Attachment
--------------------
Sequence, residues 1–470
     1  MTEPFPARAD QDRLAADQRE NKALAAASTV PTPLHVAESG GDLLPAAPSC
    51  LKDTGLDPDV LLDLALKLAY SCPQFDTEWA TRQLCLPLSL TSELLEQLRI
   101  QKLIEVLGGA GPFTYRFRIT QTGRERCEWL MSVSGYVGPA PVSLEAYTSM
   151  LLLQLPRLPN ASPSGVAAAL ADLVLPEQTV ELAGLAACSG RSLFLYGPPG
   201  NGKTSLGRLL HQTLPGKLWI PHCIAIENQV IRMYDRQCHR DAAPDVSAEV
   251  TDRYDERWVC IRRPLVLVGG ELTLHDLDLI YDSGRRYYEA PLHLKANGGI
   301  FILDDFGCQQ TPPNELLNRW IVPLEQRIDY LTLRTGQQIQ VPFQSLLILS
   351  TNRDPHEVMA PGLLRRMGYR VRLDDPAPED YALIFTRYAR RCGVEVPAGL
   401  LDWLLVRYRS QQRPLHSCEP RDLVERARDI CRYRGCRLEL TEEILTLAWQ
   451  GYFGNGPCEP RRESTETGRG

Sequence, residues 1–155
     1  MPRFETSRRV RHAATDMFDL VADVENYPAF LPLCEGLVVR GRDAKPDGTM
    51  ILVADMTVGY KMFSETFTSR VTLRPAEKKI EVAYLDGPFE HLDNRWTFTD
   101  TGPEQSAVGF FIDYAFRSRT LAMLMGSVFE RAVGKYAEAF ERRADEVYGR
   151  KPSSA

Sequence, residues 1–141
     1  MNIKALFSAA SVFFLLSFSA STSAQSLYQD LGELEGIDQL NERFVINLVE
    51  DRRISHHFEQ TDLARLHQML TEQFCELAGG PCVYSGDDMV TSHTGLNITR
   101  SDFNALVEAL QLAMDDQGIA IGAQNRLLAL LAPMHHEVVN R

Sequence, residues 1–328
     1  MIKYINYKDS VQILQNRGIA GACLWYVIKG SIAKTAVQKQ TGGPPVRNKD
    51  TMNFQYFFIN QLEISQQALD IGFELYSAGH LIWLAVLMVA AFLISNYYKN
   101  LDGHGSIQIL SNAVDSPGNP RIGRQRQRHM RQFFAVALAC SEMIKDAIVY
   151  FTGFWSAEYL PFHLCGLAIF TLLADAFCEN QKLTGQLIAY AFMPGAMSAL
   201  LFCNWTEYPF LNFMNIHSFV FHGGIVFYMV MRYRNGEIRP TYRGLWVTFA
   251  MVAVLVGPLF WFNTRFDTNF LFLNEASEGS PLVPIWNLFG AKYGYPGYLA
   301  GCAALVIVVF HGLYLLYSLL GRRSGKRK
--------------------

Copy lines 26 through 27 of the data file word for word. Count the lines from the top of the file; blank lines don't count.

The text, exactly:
   201  LFCNWTEYPF LNFMNIHSFV FHGGIVFYMV MRYRNGEIRP TYRGLWVTFA
   251  MVAVLVGPLF WFNTRFDTNF LFLNEASEGS PLVPIWNLFG AKYGYPGYLA